Monday, December 6, 2010
Can Lance Berkman really play left field?
A lot of people are wondering if the Cardinals are daft for thinking Lance Berkman can be their every-day left fielder. Bernie Miklasz doesn't go that far -- Miklasz generally tends toward temperance -- but he does have some legitimate concerns:
* Obviously, Berkman's health and viability are a source of legitimate concern. He'll be 35 on Feb. 10. He's had knee trouble. He's been on the disabled list four times in his career. The physical issues were a significant factor in Berkman's major drop in production in 2010. Berkman told Post-Dispatch baseball writer Joe Strauss that he's lost 13 pounds this offseason, so obviously he's made a commitment to enhanced conditioning.
* I respect Berkman for wanting to play the field, and wanting to be a National League player, instead of sitting in the rocking chair as a DH in the American League.
* That said, it's fair and natural to wonder if he can handle a corner outfield spot. The Cardinals apparently will use Berkman in LF. He hasn't played any outfield at all since 2007, and hasn't been in LF since 2006...Legitimate concerns, all. There's no reason to think Berkman will be average in left field, and adequate might be a stretch.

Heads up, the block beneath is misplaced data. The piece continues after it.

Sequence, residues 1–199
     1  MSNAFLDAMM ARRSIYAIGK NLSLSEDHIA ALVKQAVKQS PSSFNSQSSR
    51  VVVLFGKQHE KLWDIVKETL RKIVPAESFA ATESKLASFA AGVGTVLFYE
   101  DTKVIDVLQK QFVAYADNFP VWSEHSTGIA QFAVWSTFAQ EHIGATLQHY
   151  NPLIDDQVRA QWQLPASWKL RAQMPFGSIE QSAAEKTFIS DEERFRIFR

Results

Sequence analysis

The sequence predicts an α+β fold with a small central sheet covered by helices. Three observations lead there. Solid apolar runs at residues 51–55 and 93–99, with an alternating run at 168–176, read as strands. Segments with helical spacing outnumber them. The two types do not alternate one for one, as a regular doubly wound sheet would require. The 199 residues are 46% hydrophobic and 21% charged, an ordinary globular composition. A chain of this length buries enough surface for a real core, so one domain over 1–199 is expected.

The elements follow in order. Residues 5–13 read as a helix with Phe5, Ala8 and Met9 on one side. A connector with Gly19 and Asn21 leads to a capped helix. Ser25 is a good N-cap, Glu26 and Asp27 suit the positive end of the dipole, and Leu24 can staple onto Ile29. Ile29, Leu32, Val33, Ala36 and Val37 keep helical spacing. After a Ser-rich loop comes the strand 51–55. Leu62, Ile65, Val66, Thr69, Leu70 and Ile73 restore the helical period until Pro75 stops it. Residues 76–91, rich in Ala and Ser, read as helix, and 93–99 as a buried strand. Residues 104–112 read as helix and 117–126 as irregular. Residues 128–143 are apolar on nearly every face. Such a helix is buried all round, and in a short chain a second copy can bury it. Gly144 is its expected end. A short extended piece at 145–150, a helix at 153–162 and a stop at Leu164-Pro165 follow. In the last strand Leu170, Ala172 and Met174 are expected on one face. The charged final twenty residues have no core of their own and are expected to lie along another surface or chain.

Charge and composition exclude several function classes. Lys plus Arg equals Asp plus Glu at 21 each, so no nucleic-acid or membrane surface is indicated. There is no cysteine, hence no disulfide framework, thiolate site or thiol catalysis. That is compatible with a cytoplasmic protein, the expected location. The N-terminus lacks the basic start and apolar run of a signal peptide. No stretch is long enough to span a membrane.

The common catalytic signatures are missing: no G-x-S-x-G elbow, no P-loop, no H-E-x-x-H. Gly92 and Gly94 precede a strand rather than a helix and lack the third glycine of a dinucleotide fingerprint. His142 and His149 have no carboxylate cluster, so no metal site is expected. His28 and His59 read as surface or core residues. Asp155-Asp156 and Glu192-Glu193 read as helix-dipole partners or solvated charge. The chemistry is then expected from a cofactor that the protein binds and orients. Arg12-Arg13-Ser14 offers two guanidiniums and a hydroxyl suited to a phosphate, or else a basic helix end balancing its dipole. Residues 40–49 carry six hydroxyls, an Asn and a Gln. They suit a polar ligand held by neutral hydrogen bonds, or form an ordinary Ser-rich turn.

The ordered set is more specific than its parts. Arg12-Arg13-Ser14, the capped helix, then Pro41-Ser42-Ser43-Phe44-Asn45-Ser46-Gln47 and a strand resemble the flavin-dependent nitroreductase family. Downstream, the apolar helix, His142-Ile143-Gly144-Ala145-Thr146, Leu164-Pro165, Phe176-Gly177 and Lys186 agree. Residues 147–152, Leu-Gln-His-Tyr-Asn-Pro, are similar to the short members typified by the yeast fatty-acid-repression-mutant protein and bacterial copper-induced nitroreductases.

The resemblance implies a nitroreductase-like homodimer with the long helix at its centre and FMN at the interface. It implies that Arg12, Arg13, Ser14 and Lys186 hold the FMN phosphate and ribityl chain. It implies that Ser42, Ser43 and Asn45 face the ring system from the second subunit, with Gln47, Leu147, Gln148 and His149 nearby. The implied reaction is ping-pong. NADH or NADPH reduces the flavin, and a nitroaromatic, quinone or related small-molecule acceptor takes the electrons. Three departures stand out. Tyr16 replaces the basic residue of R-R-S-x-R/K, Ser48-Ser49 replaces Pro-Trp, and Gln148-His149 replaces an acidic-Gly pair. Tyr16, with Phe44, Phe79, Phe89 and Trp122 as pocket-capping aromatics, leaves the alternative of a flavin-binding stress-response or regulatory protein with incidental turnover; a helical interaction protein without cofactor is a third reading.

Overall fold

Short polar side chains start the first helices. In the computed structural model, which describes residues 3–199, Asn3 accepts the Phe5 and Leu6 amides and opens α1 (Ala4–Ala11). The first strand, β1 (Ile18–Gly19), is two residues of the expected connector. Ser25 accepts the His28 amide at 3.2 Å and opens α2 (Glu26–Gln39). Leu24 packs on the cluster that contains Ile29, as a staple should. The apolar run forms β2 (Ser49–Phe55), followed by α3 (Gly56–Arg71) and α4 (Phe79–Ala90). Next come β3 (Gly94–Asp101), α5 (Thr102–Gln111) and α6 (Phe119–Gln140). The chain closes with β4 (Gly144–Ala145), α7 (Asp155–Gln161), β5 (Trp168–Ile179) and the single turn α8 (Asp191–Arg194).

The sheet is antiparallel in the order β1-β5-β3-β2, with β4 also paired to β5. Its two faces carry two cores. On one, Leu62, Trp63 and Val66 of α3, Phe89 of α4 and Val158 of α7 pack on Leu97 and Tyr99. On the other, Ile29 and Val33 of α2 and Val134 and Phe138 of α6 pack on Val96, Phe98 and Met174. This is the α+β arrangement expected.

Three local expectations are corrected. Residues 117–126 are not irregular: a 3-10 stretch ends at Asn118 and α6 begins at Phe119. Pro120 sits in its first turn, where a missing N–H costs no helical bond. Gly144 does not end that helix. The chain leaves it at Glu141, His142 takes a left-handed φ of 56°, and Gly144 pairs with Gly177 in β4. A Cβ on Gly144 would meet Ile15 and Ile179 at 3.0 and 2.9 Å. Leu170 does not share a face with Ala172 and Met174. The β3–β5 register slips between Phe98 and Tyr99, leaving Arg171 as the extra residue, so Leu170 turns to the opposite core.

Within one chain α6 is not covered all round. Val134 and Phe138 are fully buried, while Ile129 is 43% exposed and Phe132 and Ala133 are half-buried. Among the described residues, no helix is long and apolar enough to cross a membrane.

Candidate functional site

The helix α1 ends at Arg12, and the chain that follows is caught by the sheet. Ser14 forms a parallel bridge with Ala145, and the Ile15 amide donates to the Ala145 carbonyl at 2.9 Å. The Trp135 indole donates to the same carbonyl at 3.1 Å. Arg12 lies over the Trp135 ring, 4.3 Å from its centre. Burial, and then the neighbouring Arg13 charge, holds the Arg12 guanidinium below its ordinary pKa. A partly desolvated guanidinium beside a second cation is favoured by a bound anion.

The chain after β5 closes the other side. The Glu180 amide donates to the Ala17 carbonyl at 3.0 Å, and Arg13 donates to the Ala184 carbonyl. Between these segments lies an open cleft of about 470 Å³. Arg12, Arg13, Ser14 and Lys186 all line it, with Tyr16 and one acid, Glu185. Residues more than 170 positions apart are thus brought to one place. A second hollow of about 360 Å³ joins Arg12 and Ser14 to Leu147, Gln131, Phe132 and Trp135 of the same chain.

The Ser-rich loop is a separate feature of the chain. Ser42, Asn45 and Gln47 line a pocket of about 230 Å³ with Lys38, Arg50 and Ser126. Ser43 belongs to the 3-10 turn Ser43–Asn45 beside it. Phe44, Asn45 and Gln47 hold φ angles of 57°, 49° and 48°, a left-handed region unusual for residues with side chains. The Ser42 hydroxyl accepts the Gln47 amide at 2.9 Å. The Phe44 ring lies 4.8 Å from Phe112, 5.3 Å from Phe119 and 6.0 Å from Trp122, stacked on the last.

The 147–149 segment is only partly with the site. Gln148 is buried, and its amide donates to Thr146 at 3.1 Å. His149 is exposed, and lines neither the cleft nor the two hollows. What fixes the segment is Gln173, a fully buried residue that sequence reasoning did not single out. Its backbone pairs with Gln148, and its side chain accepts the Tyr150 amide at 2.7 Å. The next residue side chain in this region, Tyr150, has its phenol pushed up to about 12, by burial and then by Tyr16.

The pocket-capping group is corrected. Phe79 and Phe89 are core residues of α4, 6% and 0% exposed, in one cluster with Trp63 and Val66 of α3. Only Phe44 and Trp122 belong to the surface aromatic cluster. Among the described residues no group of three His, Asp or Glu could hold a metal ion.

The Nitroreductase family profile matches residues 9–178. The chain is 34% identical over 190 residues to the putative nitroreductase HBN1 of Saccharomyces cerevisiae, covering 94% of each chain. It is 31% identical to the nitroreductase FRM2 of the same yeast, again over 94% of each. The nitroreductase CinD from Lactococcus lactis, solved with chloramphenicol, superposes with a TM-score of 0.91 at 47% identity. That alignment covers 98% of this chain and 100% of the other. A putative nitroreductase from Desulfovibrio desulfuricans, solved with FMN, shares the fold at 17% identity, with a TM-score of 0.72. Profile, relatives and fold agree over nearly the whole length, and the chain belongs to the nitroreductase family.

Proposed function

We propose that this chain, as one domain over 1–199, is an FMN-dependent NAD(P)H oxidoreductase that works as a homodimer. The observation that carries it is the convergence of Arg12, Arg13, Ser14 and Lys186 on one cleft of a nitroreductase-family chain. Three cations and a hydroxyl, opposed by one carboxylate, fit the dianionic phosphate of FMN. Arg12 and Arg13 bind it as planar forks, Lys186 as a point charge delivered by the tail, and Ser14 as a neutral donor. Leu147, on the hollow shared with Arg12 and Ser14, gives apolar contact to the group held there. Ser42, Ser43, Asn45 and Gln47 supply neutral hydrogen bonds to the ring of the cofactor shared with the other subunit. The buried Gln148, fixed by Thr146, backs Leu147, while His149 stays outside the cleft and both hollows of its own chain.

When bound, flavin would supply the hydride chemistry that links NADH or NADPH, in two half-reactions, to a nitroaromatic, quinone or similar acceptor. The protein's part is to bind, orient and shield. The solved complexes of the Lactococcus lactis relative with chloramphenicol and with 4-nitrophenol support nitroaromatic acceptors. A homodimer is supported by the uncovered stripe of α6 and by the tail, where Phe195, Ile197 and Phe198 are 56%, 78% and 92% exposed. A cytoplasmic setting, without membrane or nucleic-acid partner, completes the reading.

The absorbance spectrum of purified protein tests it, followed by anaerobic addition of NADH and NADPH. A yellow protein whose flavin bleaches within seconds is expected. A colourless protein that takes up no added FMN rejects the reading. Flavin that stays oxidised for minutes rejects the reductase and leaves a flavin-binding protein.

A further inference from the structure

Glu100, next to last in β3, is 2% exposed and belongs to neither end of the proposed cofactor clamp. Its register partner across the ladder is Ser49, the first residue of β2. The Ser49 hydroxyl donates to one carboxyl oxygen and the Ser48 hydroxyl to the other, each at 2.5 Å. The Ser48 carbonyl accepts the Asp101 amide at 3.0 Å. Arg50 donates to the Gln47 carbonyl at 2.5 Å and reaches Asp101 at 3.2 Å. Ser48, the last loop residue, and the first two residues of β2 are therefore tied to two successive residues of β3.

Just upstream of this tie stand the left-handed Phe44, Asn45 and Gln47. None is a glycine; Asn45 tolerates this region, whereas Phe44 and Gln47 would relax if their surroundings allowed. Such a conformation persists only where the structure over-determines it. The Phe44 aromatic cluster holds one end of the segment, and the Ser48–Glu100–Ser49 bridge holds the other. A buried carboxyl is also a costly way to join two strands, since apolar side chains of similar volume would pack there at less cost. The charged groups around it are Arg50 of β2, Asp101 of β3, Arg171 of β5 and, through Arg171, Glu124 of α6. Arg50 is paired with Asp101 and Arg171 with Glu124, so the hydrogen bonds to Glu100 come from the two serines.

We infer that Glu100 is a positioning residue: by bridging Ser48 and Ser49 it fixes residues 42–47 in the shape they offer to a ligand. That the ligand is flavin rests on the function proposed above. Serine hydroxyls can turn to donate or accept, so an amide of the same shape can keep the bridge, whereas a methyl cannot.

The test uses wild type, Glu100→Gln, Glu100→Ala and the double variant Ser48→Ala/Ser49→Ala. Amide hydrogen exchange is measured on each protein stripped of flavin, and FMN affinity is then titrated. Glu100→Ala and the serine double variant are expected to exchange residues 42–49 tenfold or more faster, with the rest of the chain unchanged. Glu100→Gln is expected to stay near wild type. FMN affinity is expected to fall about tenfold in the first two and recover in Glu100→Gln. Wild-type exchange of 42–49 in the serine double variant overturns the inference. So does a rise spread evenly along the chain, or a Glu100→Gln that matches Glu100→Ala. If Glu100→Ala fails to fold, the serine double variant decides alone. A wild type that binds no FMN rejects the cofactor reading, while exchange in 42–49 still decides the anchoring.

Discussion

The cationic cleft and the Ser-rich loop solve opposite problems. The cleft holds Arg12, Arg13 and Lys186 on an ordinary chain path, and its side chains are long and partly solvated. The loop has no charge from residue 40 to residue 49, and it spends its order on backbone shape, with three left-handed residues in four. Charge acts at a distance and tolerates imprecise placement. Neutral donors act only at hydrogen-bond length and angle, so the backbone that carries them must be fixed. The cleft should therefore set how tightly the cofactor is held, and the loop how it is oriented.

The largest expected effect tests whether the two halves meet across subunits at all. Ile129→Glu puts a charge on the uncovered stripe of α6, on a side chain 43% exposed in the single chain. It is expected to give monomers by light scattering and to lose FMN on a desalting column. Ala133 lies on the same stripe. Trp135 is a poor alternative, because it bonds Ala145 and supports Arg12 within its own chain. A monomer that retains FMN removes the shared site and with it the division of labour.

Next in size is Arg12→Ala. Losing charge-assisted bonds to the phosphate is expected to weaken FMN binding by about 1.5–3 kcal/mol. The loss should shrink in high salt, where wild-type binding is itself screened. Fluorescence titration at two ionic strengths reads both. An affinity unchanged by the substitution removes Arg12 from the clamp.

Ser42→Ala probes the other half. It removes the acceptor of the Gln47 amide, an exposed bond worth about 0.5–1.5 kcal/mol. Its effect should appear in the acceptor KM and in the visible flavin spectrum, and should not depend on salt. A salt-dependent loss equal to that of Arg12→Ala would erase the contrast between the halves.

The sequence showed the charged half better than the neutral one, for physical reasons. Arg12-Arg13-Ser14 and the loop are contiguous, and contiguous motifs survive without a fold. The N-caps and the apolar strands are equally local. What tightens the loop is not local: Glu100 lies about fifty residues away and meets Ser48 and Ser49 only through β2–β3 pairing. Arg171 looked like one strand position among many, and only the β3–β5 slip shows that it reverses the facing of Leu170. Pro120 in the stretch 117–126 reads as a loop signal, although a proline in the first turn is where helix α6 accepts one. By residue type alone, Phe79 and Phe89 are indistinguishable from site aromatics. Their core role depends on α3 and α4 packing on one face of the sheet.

This is a relatively low-risk deal, though: one year, $8 million. If Berkman's healthy and doesn't embarrass himself in left field, he'll be worth -- well, probably not twice that much money, but more than $10 million, anyway. If he's not healthy, or embarrasses himself in left field ... Well, again, it's only $8 million. And if he can't play left field but he's hitting, the Cardinals can trade him to an American League club.
Remember all the talk about teams shifting away from offense and toward defense? Well, it's long been a truism in baseball that if you can hit, you can play. Berkman's proving that, just as Pat Burrell did with the Giants, just as Adam Dunn did with the Nationals. You might think that 14 American League teams would be enough for all those guys. But apparently they're not.
Meanwhile, with Berkman aboard, (relatively) young Allen Craig would seem to be moderately expendable, and a lot of teams could do worse than working out a deal and handing him a first-base (or DH job).